The mechanism of friction as a co-factor in the formation of NCCLs occurs during toothbrush/dentifrice abrasion, which removes plaque and softened dental hard tissue. If plaque is not removed, root caries will occur and rapidly progress. Friction also occurs from the swishing of acidic beverages during the action of erosion/bio-corrosion.
NCCLs are commonly treated with microhybrid resin-based composites but can debond after repeated interocclusal loading. This retentive failure lends credence to the role of stress from occlusal forces in the etiology of NCCLs. Clinicians must correct eccentric and premature contacts prior to Class V restorative treatment to enhance the retention of their composites. Establishing and monitoring occlusion to achieve maximum intercuspal position (MIP) in centric relation (CR) will increase the longevity of NCCL restorations.
Studies have shown that stress from occlusal loading forces combined with biocorrodents contribute to the etiology of NCCLs. The patient’s occlusion must also be addressed prior to and in the treatment of NCCLs.
The prevalence of NCCLs on the posterior teeth is an indication of altered occlusal stress and may be evident by the wear facets. In the normal class I occlusion, the abnormal lateral tensile and horizontal occlusal forces exerted on the teeth increase the flexure movement and break the chemical bond in the weakest part of the tooth, ie, the cervical area. Along with other synergistic factors, eg, erosion and abrasion, more loss of tooth surface results in the formation of cervical lesions, known as abfractions. Depending on the degree of occlusal stress and extent of flexural movement, the lesions will vary in axial depths, occlusal–gingival widths, angulations, and are usually smooth. Moreover, finding of V-shaped lesions adjacent to missing teeth, especially on the premolar teeth, indicate the deleterious occlusal tensile stresses. Also, if the tooth has an occlusal restoration with more resistant or different co-efficients of tensile and shear forces, the tooth will have a higher tendency to exhibit NCCLs on buccal surfaces.
Dentists restore NCCLs with resin-modified glass ionomer, resin-modified liner/base glass ionomer with composite overlay, or enamel/dentin bonding agents with resin composite to ameliorate sensitivity, protect the pulpal and tooth integrity, and, at times, correct occlusal disharmony. Those restorations often debond during the peak shear and stress at the tooth–material interface. To avoid premature failure, apart from proper moisture control, occlusal harmony has to be reestablished by restoring the missing adjacent teeth for re-distribution of the forces, occlusal adjustments including excursive contacts, and the treatment of deleterious parafunctional habits by the use of occlusal splints, etc.
For the restorative dentist, NCCLs raise a red flag as we try to ascertain whether these lesions are caused by corrosion, abrasion, attrition, occlusal traumatism (abfraction), or some combination of these individual causes. These lesions are multi-factorial in nature and are difficult to study in vitro. Tooth wear can occur at the cervical area from cyclic occlusal loading, and studies have shown that enamel fractures occur at the CEJ after 200,000 cycles or approximately two and a half months of chewing. The introduction of abrasive elements and changes in pH can contribute to further dissolution of tooth structure.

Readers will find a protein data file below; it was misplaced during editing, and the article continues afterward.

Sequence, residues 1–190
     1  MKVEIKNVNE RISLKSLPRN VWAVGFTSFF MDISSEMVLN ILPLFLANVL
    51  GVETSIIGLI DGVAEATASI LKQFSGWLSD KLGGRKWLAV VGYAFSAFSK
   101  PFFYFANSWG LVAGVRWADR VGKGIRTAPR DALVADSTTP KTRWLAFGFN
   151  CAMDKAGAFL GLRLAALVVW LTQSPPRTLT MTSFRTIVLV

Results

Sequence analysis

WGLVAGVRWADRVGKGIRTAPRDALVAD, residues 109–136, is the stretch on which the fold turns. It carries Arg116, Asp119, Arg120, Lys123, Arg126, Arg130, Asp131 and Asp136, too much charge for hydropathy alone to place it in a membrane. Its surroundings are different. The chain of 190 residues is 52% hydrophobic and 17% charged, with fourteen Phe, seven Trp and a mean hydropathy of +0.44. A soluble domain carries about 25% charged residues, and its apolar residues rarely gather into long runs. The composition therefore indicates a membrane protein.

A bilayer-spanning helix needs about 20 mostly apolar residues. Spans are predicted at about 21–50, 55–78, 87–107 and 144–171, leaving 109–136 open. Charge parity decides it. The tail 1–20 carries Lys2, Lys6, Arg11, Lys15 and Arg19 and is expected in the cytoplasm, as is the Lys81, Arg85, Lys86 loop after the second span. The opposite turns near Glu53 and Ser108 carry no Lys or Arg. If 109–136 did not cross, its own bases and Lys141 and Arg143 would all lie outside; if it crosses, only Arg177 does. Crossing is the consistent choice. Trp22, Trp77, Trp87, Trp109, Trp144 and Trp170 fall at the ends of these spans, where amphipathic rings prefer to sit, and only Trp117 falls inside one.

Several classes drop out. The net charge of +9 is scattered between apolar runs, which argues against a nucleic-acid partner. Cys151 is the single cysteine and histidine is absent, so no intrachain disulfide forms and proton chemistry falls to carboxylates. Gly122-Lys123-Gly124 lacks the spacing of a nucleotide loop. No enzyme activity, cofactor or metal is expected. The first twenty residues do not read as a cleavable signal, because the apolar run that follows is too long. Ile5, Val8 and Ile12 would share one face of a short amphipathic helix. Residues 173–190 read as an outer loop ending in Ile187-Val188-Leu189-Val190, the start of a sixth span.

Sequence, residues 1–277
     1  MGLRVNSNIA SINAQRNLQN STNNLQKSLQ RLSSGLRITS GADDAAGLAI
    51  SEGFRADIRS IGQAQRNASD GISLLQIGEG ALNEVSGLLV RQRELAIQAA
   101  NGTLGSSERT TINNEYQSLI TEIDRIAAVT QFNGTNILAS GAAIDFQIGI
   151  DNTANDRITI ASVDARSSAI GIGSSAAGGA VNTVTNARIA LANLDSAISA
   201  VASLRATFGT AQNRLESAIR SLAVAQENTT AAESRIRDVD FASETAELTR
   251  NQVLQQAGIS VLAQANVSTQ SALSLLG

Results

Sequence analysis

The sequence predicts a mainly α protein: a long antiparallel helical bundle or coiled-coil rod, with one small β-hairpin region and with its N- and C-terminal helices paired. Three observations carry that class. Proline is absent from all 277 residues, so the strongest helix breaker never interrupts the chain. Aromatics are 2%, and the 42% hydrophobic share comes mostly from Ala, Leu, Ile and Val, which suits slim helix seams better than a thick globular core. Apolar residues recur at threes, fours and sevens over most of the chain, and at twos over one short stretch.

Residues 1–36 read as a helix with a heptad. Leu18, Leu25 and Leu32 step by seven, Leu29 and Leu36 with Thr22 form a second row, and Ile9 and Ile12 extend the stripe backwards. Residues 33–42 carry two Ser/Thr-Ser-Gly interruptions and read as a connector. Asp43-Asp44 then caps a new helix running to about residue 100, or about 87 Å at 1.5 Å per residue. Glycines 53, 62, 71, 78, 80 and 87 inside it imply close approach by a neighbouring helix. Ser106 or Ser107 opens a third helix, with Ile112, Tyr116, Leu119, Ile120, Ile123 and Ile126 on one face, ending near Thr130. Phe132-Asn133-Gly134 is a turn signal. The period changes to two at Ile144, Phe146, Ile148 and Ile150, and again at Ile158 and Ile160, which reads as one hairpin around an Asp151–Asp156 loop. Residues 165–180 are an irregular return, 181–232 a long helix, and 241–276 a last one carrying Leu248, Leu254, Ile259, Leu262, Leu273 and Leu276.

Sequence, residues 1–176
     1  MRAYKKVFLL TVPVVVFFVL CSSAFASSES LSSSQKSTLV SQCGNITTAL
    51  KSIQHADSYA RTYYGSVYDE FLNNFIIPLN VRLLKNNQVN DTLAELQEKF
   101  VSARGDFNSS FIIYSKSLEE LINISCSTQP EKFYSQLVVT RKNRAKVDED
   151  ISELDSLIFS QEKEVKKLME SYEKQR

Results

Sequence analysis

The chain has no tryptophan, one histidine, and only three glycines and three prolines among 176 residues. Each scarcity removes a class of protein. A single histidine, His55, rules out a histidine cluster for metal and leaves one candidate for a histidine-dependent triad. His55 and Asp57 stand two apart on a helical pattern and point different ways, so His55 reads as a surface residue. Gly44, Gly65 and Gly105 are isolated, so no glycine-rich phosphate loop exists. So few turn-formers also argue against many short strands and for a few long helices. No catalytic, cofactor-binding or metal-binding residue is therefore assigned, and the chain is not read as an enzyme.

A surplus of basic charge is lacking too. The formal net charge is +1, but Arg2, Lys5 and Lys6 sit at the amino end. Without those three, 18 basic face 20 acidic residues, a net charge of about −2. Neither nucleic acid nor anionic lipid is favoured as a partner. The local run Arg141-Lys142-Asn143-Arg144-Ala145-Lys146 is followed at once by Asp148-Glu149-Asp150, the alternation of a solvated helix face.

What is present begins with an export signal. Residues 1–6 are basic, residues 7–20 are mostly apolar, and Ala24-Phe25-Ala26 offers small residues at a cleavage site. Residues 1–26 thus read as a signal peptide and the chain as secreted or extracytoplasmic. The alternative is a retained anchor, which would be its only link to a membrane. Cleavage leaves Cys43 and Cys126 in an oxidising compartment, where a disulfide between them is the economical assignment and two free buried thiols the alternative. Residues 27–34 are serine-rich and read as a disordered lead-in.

A second cause of wear can be found with eccentric forces such as premature contacts, bruxism, and clenching. These stressors can be force multipliers that add to the odontolytic effects. Thirdly, we look at abrasion as a cause of tooth structure loss and we can see how poor brushing technique, hard bristles, and parafunctional habits can lead to loss of tooth structure. Most of us have probably had patient who think that straight baking soda is better than toothpaste.
Lastly, corrosion (formerly called erosion) has been discussed as a source of tooth structure dissolution both from exogenous sources, such as sucking lemon drops, or endogenously, such as with GERD or bulimia, resulting in gastric acid reflux that can lead to NCCLs.
In my practice, I will assess these lesions by evaluating these components. I will identify a patient’s habits, medications (which can be acidic or corrosive or could contribute to decreased saliva), and other corrosive exogenous sources such as soda habits and candy.
Then I will perform a thorough occlusal analysis to evaluate whether there are parafunctional habits such as nocturnal bruxism or occlusal prematurities and excursive interferences resulting in fremitus.
After treating the lesion directly, occlusal adjustment may be performed. Equilibration will centralize and equalize contacts, decrease fremitus and excursive interference, and, whenever possible, create canine-protected occlusion.
Mouthguards and splints are fabricated and used to optimize occlusal constructs and decrease force factors on the stomatognathic system prior to finalization of the patient’s treatment plan.
About the Authors
Thomas C. Abrahamsen, DDS, MS has a private practice specializing in prosthodontics in Mansfield, Ohio.
John O. Grippo, DDS is an adjunct faculty member in the Department of Biomedical Engineering at Western New England University, Springfield, Massachusetts.
Mabi L. Singh, DMD, MS is a faculty member at Tufts University, Boston, Massachusetts.
Richard Winter, DDS, MAGD, DICOI has a practice specializing in implant and reconstructive dentistry in Milwaukee, Wisconsin.